After hearing the latest news on how preparations for Denver's elections are going from the city's newly hired director of elections, I can't help but to be a little worried.
* Of the sixteen staff positions in the office, seven are vacant. It remains unclear if election judges will have to now be hired through the civil service authority.
* Denver plans to convert its voter registration data to a state database on December 10, 2007.
This is right in the midst of a very complicated dance involved in drawing up lists of voters for the 2008 party caucuses where Coloradoans will have a say in Presidential nominations. The cut off for being registered to vote and declaration a party affiliation is December 5, 2007. The cut off for confirming precinct assignments is January 5, 2008. The caucuses are February 5, 2008. A disaster, which seems almost automatic when there is any major computer system change, but wreck havoc on the caucus process by depriving political parties of accurate voter lists.
This was supposed to have been completed by the state two years ago. It is hard to imagine a worse time to try to catch up. If the transition were made on February 6, 2008 instead of December 10, 2007, the risks associated with problems would be immensely lower and far less pressured.
* There are no electronic voting machines certified by the Colorado Secretary of State. Certifications were due in July and are currently targeted for mid-December.
* We don't know what format the November 2008 elections will be conducted in right now. The current recommendation is for about 170 multiple precinct sites using paper ballots that will be counted at a central location.
This means that the guidance of historical precinct locations will be gone, and the flexibility of being able to vote anywhere with vote centers will be gone.
* Many election judges have been alienated after the 2007 election, where election judges simply walked out at 8:30 p.m. on election night. In part this was because these committed volunteers basically weren't even allowed any meaningful breaks and required to work overlength shifts. Massive recruitment of new election judges may now be necessary, and no firm plans are place to accomplish this task. The average age of an election judge in the United States is 72 years old.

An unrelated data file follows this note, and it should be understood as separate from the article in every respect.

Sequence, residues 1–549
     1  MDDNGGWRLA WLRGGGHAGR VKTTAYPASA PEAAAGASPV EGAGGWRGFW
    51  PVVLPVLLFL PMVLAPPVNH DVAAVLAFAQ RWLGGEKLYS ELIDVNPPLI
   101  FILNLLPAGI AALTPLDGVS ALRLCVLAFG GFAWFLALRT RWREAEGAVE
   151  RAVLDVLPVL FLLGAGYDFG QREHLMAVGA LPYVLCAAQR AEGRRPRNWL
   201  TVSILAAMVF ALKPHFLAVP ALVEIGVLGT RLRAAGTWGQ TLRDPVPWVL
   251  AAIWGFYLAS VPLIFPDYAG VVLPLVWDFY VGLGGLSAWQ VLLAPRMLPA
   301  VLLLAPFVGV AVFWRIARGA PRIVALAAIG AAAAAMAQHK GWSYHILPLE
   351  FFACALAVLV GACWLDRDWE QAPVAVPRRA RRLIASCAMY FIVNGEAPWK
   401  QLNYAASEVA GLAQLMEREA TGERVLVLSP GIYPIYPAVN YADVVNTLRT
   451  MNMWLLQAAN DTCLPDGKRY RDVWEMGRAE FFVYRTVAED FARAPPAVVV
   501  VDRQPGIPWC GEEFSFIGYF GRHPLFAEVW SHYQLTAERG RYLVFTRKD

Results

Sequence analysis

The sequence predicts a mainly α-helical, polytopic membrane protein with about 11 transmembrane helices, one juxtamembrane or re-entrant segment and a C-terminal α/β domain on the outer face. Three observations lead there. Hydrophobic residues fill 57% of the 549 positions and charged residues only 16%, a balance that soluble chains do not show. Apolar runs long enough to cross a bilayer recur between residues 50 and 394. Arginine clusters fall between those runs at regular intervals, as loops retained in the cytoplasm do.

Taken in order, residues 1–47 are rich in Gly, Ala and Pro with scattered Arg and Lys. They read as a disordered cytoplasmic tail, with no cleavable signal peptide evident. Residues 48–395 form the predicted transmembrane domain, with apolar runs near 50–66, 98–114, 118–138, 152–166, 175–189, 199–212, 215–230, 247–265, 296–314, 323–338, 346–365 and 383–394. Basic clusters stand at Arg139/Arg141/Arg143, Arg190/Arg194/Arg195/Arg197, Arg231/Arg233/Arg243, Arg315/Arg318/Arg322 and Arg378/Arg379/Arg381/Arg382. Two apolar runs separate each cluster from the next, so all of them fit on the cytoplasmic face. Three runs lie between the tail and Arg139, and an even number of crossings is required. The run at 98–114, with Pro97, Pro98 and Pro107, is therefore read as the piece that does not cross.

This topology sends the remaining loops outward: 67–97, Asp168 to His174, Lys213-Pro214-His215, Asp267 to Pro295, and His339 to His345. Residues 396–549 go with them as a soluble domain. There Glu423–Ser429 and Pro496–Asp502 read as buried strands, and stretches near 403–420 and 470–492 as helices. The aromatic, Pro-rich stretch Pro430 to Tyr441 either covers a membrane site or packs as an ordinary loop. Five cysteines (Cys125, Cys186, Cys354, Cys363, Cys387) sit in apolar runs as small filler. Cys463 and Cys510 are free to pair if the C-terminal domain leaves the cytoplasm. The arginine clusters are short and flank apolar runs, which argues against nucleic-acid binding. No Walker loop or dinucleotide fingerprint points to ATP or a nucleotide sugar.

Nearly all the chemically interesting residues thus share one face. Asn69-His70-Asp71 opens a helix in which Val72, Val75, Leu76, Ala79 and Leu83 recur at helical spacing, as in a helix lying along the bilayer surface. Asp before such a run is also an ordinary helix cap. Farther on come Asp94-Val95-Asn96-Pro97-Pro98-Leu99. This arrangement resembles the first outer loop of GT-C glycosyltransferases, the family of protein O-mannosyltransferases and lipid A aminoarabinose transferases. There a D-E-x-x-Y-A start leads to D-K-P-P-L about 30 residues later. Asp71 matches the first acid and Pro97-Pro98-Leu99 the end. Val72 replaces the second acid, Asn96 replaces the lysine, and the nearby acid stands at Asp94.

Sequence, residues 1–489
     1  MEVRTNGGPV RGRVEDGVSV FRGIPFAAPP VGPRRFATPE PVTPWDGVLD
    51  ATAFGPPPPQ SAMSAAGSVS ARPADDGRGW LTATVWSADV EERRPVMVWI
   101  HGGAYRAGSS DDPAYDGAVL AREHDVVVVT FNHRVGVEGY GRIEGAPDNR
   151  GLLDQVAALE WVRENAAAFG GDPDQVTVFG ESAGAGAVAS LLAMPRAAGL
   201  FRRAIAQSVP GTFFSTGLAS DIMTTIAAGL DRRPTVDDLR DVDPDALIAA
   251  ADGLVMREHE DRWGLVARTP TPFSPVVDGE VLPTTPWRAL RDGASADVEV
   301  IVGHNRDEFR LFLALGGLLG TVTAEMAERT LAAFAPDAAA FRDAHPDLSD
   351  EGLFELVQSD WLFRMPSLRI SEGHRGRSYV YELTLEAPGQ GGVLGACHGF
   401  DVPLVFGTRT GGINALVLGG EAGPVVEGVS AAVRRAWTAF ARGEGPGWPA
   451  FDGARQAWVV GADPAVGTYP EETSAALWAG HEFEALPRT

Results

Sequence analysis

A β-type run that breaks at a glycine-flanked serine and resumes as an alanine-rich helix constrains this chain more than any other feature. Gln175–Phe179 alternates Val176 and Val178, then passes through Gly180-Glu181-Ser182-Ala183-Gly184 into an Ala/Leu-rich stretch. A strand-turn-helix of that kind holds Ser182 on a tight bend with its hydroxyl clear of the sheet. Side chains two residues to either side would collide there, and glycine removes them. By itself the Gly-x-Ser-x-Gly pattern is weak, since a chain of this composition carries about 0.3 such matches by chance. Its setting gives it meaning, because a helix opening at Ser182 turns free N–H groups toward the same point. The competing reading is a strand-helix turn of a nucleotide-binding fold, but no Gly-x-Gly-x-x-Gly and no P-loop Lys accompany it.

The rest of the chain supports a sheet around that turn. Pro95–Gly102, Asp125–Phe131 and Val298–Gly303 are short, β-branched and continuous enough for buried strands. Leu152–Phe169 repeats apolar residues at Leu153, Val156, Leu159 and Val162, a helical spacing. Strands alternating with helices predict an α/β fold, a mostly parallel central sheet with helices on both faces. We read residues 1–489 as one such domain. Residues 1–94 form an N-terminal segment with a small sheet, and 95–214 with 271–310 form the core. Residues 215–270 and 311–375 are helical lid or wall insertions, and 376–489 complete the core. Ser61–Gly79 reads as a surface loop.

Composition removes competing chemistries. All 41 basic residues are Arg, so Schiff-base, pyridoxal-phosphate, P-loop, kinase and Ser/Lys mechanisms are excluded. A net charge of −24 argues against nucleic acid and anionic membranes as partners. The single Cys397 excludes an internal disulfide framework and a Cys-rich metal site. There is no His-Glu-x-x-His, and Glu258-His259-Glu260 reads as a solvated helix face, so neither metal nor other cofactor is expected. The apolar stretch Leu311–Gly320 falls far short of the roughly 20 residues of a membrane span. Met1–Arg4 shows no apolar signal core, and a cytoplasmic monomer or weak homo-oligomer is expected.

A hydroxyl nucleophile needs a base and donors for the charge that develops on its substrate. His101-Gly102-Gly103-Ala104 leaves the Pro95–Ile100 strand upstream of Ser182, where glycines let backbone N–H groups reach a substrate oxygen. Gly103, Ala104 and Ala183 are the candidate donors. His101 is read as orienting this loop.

* The elections division has all but conceded that election results will come very, very slowly in November 2008. The elections division lacks the capabilities to process 120,000 ballots of many pages each in a timely fashion. More planned space will help, but can't speed the counting of paper ballots that much, as only a certain number of pages of ballots can be fed through the counting machines each hour.
* The relatively simple 2007 election has a 5% voter marking error rate, but the November 2008 ballot will be more complex.
Paper ballots while they have their good points, make it far easier to overvote or undervote. A great deal of voter training will be necessary to make a return to paper ballots work.
* It isn't clear that there are plans in place to significantly improve the situation on a process/systems basis.
For example, lots of the time is spent in the vote counting process unfolding a ballot folded in five places, but it seems that there was no walk through of the process that would have allowed the division to reduce this barrier in advance by using a larger envelope.
Similarly, while the elections division has blamed the city's information technology department for a computer crash on election night, and as did the elections commission before the transition to an elected clerk and recorder, it isn't obvious that a solution is underway.
Some of this is constrained by state laws that micro-manage the elections process. But some is not.
* The vendor that provides the city's voter registration software, Sequoia is discontinuing support for the software at the end of this year, although it appears that it may be pursuaded to continue a bit longer.
* The city still doesn't have a precinct locator at its website, despite an anticipated all time high rush to attend precinct caucuses and despite a tenatively planned return to a precinct based voting location system.
* There was no representative from the Democratic Party of Denver, per se, on the committee charged with chosing a format for the 2008 election established by the newly elected clerk and recorder, despite the fact that it is the dominant political party in the City and County of Denver, and has a multiple legally defined formal roles in the process.